post #2634 of 6095
Quote:
Originally Posted by Gibonius View Post

This is the same guy who posited that "he was going to California and lots of people buy drugs there" was reasonable suspicion for a civil forfeiture. You need to have certain expectations.

I was going to explain that you, since you obviously don't understand the argument I made; but I've done it twice already. It's pointless.
Quote:
Originally Posted by Harold falcon View Post

Lol. All taken from the cops' mouths. Just like tinting means you're a drug dealer. Or fresh breath means you're drunk. GTFO.

Maybe the defense attorneys weren't as good as you, if they got it in, eh?
Quote:
Originally Posted by Rumpelstiltskin View Post

so smokers use cigarettes and/or cigars to mask the smell of illicit drugs and/or alcohol and the complementary air fresheners from car washes are actually a sign of lawlessness. Gotcha

I don't actually hear you saying that you can't cover up one scent with another. If that were the case Febreeze would have trouble staying in business.

I can't get it through gibonious's head, but I guess it's worth a try with you. It's a totality of the circumstances analysis. Activities or facts that may be innocent in isolation are to be considered in the light of everything else. Smoking might be innocent, by itself, but accompanied by a history of DUIs and marijuana possession and an obstinate refusal to stop when asked, it's suspicious. Totality of the circumstances. Get it?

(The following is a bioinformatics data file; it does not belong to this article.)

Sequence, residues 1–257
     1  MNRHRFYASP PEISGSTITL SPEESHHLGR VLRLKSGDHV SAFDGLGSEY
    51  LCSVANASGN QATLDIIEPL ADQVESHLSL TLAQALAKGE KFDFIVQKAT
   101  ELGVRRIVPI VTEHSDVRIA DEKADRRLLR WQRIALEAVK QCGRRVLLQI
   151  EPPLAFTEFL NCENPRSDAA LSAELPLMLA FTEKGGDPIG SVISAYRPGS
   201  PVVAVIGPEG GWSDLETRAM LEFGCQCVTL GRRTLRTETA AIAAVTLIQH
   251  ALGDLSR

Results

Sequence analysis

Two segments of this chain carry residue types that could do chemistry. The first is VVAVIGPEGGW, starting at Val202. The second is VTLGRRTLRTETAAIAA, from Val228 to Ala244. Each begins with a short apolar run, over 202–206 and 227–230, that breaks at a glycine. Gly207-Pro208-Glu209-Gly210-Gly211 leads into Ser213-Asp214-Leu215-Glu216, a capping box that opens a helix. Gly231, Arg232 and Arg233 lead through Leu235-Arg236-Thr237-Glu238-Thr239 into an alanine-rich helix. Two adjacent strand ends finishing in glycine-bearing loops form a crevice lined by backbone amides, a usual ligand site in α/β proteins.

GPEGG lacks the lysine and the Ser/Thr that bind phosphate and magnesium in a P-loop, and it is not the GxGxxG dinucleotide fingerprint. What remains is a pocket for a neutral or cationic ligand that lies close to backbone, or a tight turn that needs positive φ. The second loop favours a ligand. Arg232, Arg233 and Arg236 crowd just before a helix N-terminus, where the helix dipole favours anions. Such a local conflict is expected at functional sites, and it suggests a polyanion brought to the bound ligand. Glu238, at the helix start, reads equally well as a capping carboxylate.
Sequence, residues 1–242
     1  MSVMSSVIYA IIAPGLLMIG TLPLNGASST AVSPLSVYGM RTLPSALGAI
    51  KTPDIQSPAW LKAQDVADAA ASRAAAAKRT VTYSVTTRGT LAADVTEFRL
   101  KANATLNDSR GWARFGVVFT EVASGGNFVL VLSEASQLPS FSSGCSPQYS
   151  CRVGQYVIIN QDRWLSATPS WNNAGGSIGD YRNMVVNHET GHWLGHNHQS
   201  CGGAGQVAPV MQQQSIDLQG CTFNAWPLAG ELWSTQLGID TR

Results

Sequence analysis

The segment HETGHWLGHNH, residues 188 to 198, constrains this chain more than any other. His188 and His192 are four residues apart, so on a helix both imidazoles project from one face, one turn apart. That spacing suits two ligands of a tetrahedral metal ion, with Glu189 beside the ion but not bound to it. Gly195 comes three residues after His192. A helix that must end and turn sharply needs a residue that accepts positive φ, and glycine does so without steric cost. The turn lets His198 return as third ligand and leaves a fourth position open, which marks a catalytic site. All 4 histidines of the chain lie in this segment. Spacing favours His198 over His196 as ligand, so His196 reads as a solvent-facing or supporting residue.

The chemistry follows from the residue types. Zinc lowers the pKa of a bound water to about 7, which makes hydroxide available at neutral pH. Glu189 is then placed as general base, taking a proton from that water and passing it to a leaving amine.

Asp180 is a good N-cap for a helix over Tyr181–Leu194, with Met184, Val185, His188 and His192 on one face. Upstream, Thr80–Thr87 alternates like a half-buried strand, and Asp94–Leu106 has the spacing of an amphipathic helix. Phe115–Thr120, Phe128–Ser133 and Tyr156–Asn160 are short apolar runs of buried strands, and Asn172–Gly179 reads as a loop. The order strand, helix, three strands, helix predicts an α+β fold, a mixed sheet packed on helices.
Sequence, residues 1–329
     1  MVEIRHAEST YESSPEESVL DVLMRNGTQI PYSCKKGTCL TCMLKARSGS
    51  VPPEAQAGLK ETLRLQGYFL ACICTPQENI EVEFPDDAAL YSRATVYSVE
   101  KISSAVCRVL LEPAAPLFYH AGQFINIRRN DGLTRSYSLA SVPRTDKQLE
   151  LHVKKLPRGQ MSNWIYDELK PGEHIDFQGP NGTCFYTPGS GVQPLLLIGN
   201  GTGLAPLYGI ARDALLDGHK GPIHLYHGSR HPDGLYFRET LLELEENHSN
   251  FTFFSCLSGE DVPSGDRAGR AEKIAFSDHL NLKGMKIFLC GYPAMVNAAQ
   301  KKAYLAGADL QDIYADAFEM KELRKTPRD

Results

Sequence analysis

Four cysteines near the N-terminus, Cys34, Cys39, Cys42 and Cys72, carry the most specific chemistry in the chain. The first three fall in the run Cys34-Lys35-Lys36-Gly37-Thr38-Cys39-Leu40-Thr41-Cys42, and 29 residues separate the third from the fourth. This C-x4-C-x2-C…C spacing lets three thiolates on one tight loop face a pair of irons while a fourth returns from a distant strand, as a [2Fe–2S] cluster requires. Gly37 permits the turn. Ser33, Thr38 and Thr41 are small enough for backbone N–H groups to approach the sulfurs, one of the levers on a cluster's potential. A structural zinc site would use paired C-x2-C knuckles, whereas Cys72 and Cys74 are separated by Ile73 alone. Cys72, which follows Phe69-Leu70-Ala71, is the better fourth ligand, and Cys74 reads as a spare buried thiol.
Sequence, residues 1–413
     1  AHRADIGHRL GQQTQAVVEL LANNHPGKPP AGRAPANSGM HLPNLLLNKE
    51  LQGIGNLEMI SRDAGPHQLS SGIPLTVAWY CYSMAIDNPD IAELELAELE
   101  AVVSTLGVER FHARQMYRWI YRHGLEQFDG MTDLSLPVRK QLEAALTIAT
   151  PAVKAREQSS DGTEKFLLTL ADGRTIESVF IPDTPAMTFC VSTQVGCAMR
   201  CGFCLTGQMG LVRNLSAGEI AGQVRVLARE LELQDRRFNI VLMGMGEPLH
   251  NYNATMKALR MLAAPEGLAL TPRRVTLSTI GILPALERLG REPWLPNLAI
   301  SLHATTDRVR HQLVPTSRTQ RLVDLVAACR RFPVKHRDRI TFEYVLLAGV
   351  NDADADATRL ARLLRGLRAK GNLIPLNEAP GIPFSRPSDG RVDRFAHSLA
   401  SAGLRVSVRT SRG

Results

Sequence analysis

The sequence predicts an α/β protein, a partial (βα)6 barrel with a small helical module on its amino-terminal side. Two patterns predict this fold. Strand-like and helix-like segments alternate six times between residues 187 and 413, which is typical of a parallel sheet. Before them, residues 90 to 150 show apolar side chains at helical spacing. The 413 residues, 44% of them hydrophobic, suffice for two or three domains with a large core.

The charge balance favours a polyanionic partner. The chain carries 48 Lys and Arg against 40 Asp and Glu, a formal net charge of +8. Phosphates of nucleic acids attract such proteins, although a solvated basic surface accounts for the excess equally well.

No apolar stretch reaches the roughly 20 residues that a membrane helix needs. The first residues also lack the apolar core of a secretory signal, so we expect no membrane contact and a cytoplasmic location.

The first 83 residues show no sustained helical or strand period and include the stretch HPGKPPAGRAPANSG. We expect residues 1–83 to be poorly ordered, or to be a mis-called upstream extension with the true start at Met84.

post #2635 of 6095
I'm so glad I'm a middle aged, white, big and brawny, respectable looking, blue eyes, dress well, and drive a new Mercedes.

That's my biggest take away from this thread.
post #2636 of 6095
Quote:
Originally Posted by Piobaire View Post

I'm so glad I'm a middle aged, white, big and brawny, respectable looking, blue eyes, dress well, and drive a new Mercedes.

That's my biggest take away from this thread.

You've taken a major step to becoming a SJW.
post #2637 of 6095
Quote:
Originally Posted by brokencycle View Post

You've taken a major step to becoming a SJW.

Nah, brah, just the opposite. I wallow in my privilege and cultivate it.
post #2638 of 6095
Quote:
Originally Posted by Piobaire View Post

Nah, brah, just the opposite. I wallow in my privilege and cultivate it.

Can you send some my way?
post #2639 of 6095
Quote:
Originally Posted by brokencycle View Post

Can you send some my way?

Privilege is non-transferable!
post #2640 of 6095
Quote:
Originally Posted by Ataturk View Post


I don't actually hear you saying that you can't cover up one scent with another. If that were the case Febreeze would have trouble staying in business.

Any college kid will attest to the fact that neither cigarettes nor air fresheners (nor chewing gum for that matter) cover up the scent of marijuana or alcohol.

I don't smoke anything besides an occasional cigar (Macanudo, Romeo y Julieta, Punch, etc.) but I do know that Black & Milds are popular with the young urban crowd. I might turn up my nose at blacks but I thought Tijuana Smalls with the plastic tip were oh so cool when I was 19. Bolo ties as well lol8[1].gif